Villapudua Looks to Expand Chamber’s Efforts for Local Businesses

Carlos Villapudua will bring a broad array of leadership experience in government and the community to his new role as head of the largest and most influential Latino business organization in the region.
As the new chief executive officer of the San Joaquin County Hispanic Chamber of Commerce (SJCHCC), Villapudua will lead an organization that represents the interests of hundreds of business owners throughout the Central Valley. The Hispanic chamber announced his appointment as CEO last month. Villapudua officially started in his new role on Jan. 17.
His tenure comes at a time when the region has seen signs of economic vitality after years of recession and high unemployment. But opportunities lie ahead in tourism and attracting major employers to the area, he said, both of which benefit local small businesses.
“It’s important that the chamber continues to advocate for the needs of our members in order to grow successful businesses in the San Joaquin Valley,” Villapudua said. “SJCHCC can provide them with the programs, services, connections and resources that can help our Latino-owned businesses flourish.”
The former San Joaquin County Board of Supervisor brings with him a broad knowledge of the inner workings of local government, and a vast network, to the leadership role, all of which he hopes will help guide his efforts to make doing business in the region that much easier for small business owners.
“Creating a solid foundation of access and education to help our small businesses and encouraging a streamlined business-friendly environment from our regulators will ensure a sustainable balance where the community can prosper,” Villapudua said, “and the Chamber is committed to carrying out this mission.”
Bob Gutierrez, President of the Hispanic Chamber’s Board of Directors, said Villapudua’s experience will be vital in the chamber’s advocacy and promotion efforts to help create “a stronger and sustainable local economy” for its members and the community.
“His wealth of experience as a previously elected official in the area speaks to his ability to engage both the private and public sectors in creating opportunities and advocating for our members and Latino-owned businesses throughout the County to more effectively and successfully thrive in their business ventures,” Gutierrez said.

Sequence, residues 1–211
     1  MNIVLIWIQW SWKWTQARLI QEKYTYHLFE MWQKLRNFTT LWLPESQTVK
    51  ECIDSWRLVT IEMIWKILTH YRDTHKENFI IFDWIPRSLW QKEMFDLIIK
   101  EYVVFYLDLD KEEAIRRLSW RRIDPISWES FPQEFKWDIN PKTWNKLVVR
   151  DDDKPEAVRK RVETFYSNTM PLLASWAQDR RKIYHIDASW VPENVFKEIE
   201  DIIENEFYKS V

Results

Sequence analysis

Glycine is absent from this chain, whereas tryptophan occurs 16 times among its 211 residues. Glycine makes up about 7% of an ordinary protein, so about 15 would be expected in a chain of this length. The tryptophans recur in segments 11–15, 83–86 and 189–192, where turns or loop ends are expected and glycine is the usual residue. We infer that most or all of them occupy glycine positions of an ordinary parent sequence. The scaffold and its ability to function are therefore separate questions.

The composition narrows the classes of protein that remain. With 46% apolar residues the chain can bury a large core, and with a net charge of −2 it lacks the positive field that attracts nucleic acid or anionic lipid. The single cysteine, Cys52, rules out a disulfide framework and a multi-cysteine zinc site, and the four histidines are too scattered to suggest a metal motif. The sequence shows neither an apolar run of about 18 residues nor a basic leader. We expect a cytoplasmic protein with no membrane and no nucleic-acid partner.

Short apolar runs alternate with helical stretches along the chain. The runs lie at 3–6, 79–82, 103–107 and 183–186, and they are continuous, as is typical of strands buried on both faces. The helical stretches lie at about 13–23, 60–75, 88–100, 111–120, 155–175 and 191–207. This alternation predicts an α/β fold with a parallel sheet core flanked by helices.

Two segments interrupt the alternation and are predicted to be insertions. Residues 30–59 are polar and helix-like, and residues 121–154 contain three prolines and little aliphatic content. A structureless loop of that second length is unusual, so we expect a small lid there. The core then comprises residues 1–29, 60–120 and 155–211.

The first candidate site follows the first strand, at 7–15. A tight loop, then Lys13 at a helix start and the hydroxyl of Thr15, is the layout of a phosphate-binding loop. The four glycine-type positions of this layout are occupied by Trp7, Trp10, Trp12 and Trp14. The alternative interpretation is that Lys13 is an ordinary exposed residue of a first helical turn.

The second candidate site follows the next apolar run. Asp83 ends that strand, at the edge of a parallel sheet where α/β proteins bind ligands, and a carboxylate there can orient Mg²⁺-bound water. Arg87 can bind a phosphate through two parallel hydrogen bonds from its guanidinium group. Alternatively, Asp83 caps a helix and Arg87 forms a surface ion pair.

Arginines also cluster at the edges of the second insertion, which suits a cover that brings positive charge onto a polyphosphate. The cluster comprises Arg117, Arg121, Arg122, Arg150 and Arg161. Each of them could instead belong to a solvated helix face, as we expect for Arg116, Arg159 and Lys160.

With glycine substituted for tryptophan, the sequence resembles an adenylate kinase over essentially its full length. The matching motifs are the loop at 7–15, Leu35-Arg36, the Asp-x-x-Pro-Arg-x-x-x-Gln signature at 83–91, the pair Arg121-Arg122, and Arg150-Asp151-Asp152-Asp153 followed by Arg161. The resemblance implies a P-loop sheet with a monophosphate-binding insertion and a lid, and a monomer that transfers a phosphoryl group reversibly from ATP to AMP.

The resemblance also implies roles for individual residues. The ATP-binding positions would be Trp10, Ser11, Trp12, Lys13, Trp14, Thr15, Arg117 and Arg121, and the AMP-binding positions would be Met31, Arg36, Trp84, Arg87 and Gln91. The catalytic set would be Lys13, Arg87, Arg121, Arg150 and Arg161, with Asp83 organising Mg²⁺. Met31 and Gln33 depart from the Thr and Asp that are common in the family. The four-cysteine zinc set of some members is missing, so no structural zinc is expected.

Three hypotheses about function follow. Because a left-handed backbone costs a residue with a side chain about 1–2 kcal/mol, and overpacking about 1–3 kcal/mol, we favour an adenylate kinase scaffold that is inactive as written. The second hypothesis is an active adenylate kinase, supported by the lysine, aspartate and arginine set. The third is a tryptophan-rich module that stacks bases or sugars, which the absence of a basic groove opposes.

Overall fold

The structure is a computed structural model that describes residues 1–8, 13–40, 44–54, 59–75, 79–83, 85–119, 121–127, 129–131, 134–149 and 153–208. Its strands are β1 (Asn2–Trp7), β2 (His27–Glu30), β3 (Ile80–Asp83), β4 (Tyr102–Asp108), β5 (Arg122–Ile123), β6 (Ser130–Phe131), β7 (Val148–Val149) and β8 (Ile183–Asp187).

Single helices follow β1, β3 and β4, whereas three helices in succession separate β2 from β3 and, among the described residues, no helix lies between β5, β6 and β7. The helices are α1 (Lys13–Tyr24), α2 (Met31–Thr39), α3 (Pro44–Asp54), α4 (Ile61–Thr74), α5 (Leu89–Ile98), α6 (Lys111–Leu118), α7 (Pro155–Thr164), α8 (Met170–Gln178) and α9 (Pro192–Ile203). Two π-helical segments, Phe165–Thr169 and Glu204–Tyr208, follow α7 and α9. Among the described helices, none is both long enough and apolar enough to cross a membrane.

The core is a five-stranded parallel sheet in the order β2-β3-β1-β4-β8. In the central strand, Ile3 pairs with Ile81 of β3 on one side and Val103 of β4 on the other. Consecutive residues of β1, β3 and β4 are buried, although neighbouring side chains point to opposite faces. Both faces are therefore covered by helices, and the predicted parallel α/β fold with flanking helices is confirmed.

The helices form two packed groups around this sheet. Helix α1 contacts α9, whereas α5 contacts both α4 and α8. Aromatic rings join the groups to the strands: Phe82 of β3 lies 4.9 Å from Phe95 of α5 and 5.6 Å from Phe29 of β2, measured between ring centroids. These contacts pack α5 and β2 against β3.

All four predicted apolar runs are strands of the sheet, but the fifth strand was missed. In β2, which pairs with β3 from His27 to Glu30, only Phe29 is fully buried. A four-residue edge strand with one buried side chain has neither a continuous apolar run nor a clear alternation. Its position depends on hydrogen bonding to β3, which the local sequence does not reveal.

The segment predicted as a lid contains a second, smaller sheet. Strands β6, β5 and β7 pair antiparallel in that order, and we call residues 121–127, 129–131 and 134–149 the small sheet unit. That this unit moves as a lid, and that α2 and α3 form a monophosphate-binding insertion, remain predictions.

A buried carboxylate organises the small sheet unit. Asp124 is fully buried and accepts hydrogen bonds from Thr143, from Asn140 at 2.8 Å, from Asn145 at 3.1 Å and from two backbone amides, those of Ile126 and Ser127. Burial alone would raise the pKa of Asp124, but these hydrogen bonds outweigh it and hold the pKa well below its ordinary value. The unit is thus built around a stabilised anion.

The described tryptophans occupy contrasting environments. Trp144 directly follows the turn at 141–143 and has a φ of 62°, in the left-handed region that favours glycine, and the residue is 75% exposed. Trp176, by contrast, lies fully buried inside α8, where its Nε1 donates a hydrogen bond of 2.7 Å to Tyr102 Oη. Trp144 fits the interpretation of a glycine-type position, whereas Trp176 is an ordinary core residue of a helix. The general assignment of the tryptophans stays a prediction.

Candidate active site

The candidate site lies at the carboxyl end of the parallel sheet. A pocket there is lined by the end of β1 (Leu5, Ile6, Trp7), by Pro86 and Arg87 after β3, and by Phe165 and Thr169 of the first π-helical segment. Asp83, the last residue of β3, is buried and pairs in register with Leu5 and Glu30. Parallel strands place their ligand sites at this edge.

Villapudua fills a position that was previously held by Brenna Butler Garcia, the first woman to serve as CEO of the SJSCHCC. She replaced Mark Martinez, who served as CEO of the local Hispanic chamber from 2004 to 2012, and as board president from 2002 to 2004.
Founded 45 years ago, the SJCHCC helps local entrepreneurs establish their business, access capital, and connect with other small business owners. The chamber’s influence is felt across the region through its signature programs and events, such as its annual college and financial aid workshop, business workshops, and Latina business conference.
Because of these and other initiatives, the chamber already has a robust portfolio of programs and services that appeal to its members, Villapudua noted, adding that he would like to expand these efforts.
“With the expansion in tourism, I see SJCHCC looking to create marketing opportunities for our members such as participation in street fairs or pop-up markets. I also believe our members can benefit from procurement opportunities with large sector industry and state or federal agencies,” he said. “Making sure our members have the education and capacity to become certified will be important.”
A Stockton native, Carlos graduated from Franklin High School and earned a Bachelor’s Degree in Social Work from California State University-Sacramento. He has held a number of positions, including community social service director for San Joaquin County’s Human Services Agency at the Northeast Community Center, director for the Welfare-to-Work “CalWorks” program and pre-trial service officer for the San Joaquin County Sheriff’s Department. He was also chairman of the Coalition of the Mexican-American organizations’ Cinco de Mayo Parade.
Challenges Lie Ahead
Villapudua has taken leadership of the chamber amid great changes and some uncertainty in the business world due to potential changes in the Affordable Care Act, an increase in the state minimum wage, and technological advances being embraced by companies throughout the country, such as artificial intelligence and various mobile applications that could significantly reduce workforces within businesses.
Despite these challenges and changing landscape, he said, local small business owners should be optimistic about the economic vitality of the region because there are signs of economic growth.
“Large-sector employers continue to locate to cities within the San Joaquin County and our community is taking seriously the need to increase our graduation rates and develop an educated and employable workforce,” Villapudua said. “Over time we will see these efforts result in an increase in jobs and more opportunities for people to live and work in the area.”

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